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Mesa Pays Off Spring Training Stadium Debt Early

A decade ago Mesa risked losing Chicago Cubs spring training to Florida.

On Monday, Mesa’s City Council voted to pay off the debt incurred from renovating one stadium and building another more than a decade ahead of schedule, saving an estimated $22 million.

“It really is something very noteworthy for a city to own free and clear a stadium, let alone two stadiums, and do that ahead of schedule and do that in a way that saves a tremendous amount of taxpayer money,” Mayor John Giles said.

In 2013, Mesa issued $94 million in bonds to renovate Hohokam Stadium, where the Oakland A’s play, and build Sloan Park.

Arizona’s Legislature rejected an earlier plan to pay for the improvements with a regional tax.  

Mesa turned to real estate.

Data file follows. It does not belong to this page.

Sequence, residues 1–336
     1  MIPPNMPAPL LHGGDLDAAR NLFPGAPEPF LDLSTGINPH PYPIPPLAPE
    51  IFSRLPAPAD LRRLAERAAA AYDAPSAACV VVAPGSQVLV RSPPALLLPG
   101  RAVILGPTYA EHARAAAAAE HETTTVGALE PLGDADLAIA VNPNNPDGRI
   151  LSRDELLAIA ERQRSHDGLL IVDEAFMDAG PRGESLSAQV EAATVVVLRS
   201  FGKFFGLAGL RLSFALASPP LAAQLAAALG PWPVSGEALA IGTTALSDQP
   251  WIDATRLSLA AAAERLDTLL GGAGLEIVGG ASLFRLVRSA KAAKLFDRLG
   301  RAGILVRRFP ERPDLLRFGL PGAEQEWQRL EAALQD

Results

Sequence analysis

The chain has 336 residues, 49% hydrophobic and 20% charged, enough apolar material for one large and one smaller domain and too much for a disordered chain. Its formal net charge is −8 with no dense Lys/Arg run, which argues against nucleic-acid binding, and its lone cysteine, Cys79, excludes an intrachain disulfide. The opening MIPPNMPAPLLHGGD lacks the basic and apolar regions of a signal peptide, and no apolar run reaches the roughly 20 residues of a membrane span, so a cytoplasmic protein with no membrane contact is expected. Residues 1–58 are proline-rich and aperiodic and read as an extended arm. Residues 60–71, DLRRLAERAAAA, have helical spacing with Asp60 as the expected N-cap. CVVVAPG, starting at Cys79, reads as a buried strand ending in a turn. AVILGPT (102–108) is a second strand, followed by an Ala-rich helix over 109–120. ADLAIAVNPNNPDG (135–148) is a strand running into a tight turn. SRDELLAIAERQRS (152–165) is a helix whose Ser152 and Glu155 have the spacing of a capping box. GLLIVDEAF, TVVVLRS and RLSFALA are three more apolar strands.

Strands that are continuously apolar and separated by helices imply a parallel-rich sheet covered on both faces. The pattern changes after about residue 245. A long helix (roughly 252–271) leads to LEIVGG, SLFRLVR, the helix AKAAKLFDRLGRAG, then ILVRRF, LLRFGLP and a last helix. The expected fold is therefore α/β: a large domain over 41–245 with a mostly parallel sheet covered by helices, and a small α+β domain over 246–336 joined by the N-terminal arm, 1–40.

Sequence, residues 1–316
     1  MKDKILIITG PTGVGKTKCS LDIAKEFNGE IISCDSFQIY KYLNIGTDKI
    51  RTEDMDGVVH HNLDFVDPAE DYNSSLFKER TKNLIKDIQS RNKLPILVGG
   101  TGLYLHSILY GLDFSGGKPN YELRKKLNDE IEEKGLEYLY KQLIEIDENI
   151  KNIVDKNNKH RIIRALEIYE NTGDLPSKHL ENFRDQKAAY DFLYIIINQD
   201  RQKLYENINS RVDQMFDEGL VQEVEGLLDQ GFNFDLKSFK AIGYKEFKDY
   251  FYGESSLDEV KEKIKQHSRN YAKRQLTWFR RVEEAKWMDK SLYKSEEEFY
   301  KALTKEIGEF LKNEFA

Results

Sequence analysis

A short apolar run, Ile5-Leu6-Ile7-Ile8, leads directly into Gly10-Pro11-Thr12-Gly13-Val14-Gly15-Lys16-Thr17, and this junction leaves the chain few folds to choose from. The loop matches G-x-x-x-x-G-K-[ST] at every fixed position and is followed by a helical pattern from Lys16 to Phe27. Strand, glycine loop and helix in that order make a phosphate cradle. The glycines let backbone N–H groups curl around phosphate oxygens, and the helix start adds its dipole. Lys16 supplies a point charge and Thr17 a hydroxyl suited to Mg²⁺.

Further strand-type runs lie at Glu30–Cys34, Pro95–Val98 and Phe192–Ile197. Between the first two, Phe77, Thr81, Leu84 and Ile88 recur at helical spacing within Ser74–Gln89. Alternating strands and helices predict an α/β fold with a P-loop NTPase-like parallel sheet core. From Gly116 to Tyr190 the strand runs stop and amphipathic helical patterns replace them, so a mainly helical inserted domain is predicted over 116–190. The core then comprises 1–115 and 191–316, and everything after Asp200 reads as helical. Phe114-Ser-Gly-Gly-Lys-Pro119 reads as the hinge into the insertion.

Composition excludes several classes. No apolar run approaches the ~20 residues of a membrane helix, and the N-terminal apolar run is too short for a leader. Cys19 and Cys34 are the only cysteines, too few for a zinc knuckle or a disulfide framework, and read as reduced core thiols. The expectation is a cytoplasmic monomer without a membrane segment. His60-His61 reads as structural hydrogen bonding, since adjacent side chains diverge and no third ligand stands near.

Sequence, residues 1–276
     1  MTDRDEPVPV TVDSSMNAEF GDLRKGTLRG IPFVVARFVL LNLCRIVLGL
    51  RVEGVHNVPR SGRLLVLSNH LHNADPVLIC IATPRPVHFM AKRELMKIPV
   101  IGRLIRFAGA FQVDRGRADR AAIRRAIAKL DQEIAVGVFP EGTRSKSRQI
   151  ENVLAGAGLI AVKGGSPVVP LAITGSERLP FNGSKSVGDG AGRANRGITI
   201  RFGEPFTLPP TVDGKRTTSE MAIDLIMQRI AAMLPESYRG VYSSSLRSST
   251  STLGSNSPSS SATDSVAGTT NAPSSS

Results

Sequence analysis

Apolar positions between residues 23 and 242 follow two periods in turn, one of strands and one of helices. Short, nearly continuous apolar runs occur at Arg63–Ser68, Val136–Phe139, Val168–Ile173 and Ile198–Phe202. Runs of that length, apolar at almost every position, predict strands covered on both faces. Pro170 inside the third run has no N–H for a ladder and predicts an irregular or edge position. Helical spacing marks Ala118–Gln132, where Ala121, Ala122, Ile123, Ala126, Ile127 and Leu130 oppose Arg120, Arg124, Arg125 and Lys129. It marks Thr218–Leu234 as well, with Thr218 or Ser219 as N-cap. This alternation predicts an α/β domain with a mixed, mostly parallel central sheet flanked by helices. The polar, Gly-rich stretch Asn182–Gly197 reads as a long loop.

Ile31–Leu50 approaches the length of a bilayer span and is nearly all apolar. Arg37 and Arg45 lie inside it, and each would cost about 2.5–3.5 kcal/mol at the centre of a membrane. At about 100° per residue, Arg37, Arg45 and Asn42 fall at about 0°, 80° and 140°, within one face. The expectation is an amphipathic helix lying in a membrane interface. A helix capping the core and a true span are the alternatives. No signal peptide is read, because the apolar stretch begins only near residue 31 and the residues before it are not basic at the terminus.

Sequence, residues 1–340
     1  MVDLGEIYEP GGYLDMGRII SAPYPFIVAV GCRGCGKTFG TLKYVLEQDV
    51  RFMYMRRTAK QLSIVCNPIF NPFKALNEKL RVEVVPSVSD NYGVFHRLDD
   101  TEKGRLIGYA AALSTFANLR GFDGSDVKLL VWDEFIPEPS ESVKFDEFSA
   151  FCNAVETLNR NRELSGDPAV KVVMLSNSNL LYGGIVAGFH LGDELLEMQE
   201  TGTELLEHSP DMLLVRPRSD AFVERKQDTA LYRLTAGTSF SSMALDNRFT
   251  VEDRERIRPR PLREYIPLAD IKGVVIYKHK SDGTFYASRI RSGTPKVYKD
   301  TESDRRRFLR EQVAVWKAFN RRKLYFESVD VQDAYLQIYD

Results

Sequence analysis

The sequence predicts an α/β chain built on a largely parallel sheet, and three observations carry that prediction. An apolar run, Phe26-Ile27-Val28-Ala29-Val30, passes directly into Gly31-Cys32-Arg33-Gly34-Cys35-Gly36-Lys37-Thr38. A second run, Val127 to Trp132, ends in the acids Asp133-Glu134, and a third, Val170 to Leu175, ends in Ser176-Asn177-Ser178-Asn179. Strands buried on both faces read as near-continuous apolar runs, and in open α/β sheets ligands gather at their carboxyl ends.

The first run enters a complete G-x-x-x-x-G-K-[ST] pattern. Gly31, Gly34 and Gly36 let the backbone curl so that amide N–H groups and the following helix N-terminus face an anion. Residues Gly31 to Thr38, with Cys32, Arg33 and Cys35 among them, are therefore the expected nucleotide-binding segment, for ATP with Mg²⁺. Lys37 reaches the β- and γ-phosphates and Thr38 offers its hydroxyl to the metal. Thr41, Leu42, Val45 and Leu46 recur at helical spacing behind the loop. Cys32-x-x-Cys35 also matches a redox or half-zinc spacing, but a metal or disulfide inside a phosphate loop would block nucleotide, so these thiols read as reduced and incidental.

“Many years ago in the mid-'80s, the city had purchased over 11,000 acres of Pinal County farm land and, during that time, we held onto it with the idea that we could use it for water rights,” City Manager Chris Brady said. “That never happened.”

The city struck a multiyear deal to sell the land to Pinal Landholdings LLC and netted $109 million for the sale and $25 million for a lease.

Mesa received the last payment in June.

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Mariana Dale rustles up stories as a senior field correspondent based out of KJZZ’s East Valley Bureau in Tempe. She’s followed a microphone onto cattle ranches, to the Dominican Republic and many places in between. Dale believes in a story’s strength to introduce us to diverse perspectives, inspire curiosity and hold public leaders accountable for their actions. She started at KJZZ on the digital team in 2016 and still spends a lot of time thinking about how to engage with our community online. Dale has learned from stints at Arizona Public Media, The Arizona Daily Star, The Arizona Republic and as an intern at NPR’s Morning Edition in Culver City. She graduated from the University of Arizona with a bachelor’s degree in journalism. Dale is grateful for the mentoring of the New York Times Student Journalism Institute, the Chips Quinn Scholars program and AIR’s New Voices Scholars. A desert native, she loves spending time outside hiking, tending to her cactus and reading.